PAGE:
I carry a Spot to reassure my family, although every time I wander off route they get anxious about why I am doing it. A SAT phone would probably be better but more expensive. Extra knife, compass, map, paddle. I tie my boat down more carefully at night or if I leave it during the day, since if it blows away I'm in trouble. I carry a bear banger since on my first solo I noticed I was anxious on the trails and at night. On a trip last year I lost it on day 1 and found that I no longer need the security blanket.

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PostPosted: March 20th, 2013, 7:32 am 
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Location: Lethbridge, Alberta Canada
Take the same stuff too but because I do solo I got an InReach (like the spot except 2way comms). It comes with me all the time too now. Bear bangers and spray as well if in the mountains or north.
Also more cautious with the PFD, carries, etc. Just move a little slower to avoid turning an ankle and that sort of thing


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PostPosted: March 20th, 2013, 10:50 am 
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i carry my usual survival kit carefull to ALWAYS have it with me. it includes dog spray,first aid,compass and a spot.as was said, i am constantly aware that no help is near and am cautious. that becomes a mindset. hearing from some farmiliar people already. thanks for the forum.
turtle


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PostPosted: March 20th, 2013, 5:26 pm 
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Like Turtle, when solo I ensure I always have my ditch kit on my person (fanny pack), otherwise I pack the same for solo as tandem/group. The big difference for me is in time allocation and risk management.

With no potential for concurrent activity, when solo, everything (cooking, tenting, navigation, etc) just takes longer to accomplish, and unless I mentally gear down for that it's easy to get frustrated.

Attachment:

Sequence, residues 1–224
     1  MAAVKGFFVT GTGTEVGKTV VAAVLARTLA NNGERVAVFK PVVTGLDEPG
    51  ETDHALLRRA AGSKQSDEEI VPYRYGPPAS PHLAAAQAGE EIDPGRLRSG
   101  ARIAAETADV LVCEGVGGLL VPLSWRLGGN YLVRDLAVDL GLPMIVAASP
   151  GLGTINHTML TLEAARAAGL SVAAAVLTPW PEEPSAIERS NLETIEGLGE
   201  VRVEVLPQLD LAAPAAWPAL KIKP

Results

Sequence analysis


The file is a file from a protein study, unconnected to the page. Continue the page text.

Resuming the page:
I will scout rapids/bends from shore that I would not if I were tandem sometimes, depending on load, water levels, amount of wood in the water, etc. Just far more careful and deliberate.

One of things I find the hardest to do when solo is to accurately assess my fatigue level; its easy to become careless with footing, flames, riffles, etc when overly tired.

I lit both my hands, chest and one leg on fire by overpumping an old single burner stove one time while solo. I was too tired to notice that it was spewing a mist of fuel all over me before I lit the match. Solo in the backcountry with burned hands would suck very hard, but I managed to get through it with not much more than a very good scare. 2 good lessons came from it though, pay attention to how tired I am, and switch to a Trangia stove.

All of that is one of the plusses of solo though I think. Learning and becoming comfortable with relying only on yourself to meet any challenges.

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PostPosted: March 20th, 2013, 6:28 pm 
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My Small Forest Axe comes into the tent with me at night. No point in leaving it outside. Peace of mind goes a long way when it comes to a good night's sleep.

I bring an extra headlamp, which I keep in my pocket when hiking around at night. If the first one dies & you're back in the woods...good luck. Also, I sometimes leave a 'breadcrumb trail' of gear with reflective tape on it, usually my camera case, when I hike back into the woods to drop off my food barrel. Getting turned around in the woods at night is not very much fun. This way I can easily find my way back to camp.

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PostPosted: March 20th, 2013, 6:37 pm 
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Quote:
I sometimes leave a 'breadcrumb trail' of gear with reflective tape on it, usually my camera case, when I hike back into the woods to drop off my food barrel. Getting turned around in the woods at night is not very much fun. This way I can easily find my way back to camp.

That's a good point - in my case, losing my orientation during a night trip into the bush, that would not be the first time.... :roll:

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PostPosted: March 20th, 2013, 7:52 pm 
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Erhard wrote:
Quote:
I sometimes leave a 'breadcrumb trail' of gear with reflective tape on it, usually my camera case, when I hike back into the woods to drop off my food barrel. Getting turned around in the woods at night is not very much fun. This way I can easily find my way back to camp.

That's a good point - in my case, losing my orientation during a night trip into the bush, that would not be the first time.... :roll:



Yeah...I got real tired of that & bought one of these:


Image

It just points ya right back to camp & tells ya how far away you are.... 8)

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In the Spring, I have counted 136 different kinds of weather inside of 24 hours.